Responding to the Boston Marathon Tragedy: So Glad for the Guard and First Responders

Responding to the Boston Marathon Tragedy: So Glad for the Guard and First Responders

These are the size-13 boots of a citizen soldier.

The new boots of a young National Guard enlistee who swore to support and defend the constitution of America from its enemies, both foreign and domestic. The kind of enemies that showed up yesterday and rocked our world. A world of thousands of Americans, runners, families, and spirited well-wishers who had no idea of the evil awaiting at the Boston Marathon finish line yesterday. Who could imagine such a horrific scene?  Who can imagine possible copycat tragedies? Fortunately, so many citizens, police, and other first responders passionately helped including 460 National Guard troops from Massachusetts, and some from other states, increasing to 1,000 today.

These unblemished boots were left on the floor after Easter breakfast with my parents. I asked Chris (my foster son) to wear his new uniform to show my parents and to encourage retired veterans. I thought an 18-year-old machine gunner-to-be could salute my father, an 87-year-old WWII tail gunner. We smiled and laughed, and Chris received a free breakfast at the Red Apple restaurant. It was March 31.


Today is April 16. Chris' Illinois National Guard unit is on alert to respond to the scene of the bombing tragedy if Boston's Governor, Deval Patrick, asks.

Chris wouldn't go to Boston because he has not finished basic training. His boots have only marched a few miles through a forest preserve (loose strings may have been a cause of an ankle sprain.) This summer, however, they will stomp loudly at "boot camp" (an old military slang term for recruit camp, recruits with boots that look like new.)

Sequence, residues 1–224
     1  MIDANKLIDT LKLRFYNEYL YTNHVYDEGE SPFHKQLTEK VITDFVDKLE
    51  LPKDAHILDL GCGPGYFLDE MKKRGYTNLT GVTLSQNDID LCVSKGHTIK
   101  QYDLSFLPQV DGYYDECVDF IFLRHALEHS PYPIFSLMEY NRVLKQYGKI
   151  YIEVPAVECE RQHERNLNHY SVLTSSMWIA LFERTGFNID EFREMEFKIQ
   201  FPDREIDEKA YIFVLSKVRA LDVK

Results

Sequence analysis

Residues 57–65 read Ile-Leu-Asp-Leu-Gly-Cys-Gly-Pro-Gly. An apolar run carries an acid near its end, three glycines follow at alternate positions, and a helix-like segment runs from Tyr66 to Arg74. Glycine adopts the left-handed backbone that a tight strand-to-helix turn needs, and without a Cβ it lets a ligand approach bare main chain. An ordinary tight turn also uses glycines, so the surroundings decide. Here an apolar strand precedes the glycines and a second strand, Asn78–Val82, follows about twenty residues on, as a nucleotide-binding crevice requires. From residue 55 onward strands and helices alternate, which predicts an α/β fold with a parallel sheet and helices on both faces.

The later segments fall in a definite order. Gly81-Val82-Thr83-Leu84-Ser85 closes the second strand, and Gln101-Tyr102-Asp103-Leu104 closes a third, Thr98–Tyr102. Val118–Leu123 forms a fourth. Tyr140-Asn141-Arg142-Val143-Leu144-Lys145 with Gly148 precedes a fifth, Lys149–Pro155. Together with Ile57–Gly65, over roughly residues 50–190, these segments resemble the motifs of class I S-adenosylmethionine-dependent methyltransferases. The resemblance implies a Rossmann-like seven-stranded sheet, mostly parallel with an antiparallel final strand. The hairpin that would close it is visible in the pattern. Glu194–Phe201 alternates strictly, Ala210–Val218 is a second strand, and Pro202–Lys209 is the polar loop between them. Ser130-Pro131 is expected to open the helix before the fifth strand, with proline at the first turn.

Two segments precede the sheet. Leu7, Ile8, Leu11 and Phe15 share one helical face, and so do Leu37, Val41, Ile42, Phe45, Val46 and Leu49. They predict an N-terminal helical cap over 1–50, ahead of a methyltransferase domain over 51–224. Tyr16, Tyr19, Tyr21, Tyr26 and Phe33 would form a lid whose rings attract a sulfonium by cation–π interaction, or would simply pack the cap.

In a few months, these boots won't look new at all. They'll be marked up a bit--broken in.

And Chris will do his part to serve, like my father, no matter what enemies, domestic or foreign show up in the future.

I am so grateful for our military servicemen and women serving at home and away, and for America's veterans. I am so glad for the Army National Guard, designed to serve in war, and also in case of national tragedies.

My thoughts and prayers go out for everyone in Boston, especially for those participating in the marathon who have experienced tragic loss and harm.

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    Carole Pye

    I’m a freelance writer married to thrill-seeking husband, Jim, and mom to fantastic teenage sons: Austin, (18) Trevor, (16) and volunteer foster son, Chris (18). I am also a proud caregiver for my parents, Bob, a WWII Army Air Corps veteran, 87, and Jean, his wife, 85. In between the shuttling and the shuffling of senior boys and senior parents, you can find me sitting still, enjoying a cup of steaming hot tea while pondering the next thing to do.

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